I don’t usually post reviews here, but Joseph Campbell and his luminous learning and erudition continue to stun me even after my years as a graduate student–and that’s a long time ago. He inspired my master’s thesis, “Emily Dickinson and the Christ Myth,” an exercise that almost blew every circuit and fuse I had at the time.
Looking back, I feel it was inadequate to what I wanted to say, but that’s what Campbell’s vast humanities reference repository will do to a nascent humanities scholar.
Sheer accident and impulse in my choice of books last night prompted this. But perhaps not. There are really no accidents in this ever evolving universe and we are only of passing interest to future scholars, I’m convinced (which means something, but I don’t know what; the deity will decide).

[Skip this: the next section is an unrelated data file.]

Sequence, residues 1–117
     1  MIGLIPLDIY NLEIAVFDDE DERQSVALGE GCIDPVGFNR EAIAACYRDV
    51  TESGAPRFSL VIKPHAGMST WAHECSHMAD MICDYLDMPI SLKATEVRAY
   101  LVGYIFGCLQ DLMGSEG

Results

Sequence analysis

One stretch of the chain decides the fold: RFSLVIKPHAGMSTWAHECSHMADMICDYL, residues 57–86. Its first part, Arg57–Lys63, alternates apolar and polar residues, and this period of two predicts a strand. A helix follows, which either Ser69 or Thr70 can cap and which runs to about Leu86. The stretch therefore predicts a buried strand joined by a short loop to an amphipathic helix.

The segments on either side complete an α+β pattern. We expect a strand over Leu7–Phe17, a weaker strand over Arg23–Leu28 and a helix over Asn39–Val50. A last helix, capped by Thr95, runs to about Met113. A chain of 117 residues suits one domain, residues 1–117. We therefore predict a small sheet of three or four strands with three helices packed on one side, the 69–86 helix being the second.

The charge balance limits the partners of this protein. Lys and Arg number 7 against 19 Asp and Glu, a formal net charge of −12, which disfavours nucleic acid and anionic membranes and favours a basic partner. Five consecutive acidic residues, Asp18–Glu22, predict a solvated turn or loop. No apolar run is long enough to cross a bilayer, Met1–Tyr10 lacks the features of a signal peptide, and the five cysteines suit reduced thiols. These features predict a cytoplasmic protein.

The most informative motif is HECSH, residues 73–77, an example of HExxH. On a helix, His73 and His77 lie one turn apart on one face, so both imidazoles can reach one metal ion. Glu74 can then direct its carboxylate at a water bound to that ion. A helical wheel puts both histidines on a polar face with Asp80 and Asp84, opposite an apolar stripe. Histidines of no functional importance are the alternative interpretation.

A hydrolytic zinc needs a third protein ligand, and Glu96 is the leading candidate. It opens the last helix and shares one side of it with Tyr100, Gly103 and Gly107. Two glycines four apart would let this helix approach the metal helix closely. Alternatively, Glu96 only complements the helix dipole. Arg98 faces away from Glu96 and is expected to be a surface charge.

My blurt and yelp after my most recent exposure to this masterpiece (on Amazon):
“I re-read this last night, my highlighted passages, the first volume in Campbell’s 4 vol magnum opus, THE MASKS OF GOD, and it curled my toes and made my hair stand on end again! It is overwhelming in it’s erudition, gripping in its shocking detail of where we came from and how our beliefs and values today emerged over so many millennia. I don’t recommend it for validation of your “religious” beliefs if they are rigid and dogmatic, but if you want to know where they came from and how we got to where we are today, and are a brave soul, you must read it.
“All of the volumes in THE MASKS OF GOD are brilliant and enlightening. But this, the first, will launch you on a fascinating quest to understand better what it means to be ‘human.’ I don’t see how any truly educated person can escape the knowledge and wisdom in Campbell’s works on myth.'”
“Myth” does not mean falsehood in the context of the humanities, but refers to the numinous archetypes the underlie everything we think, do or say.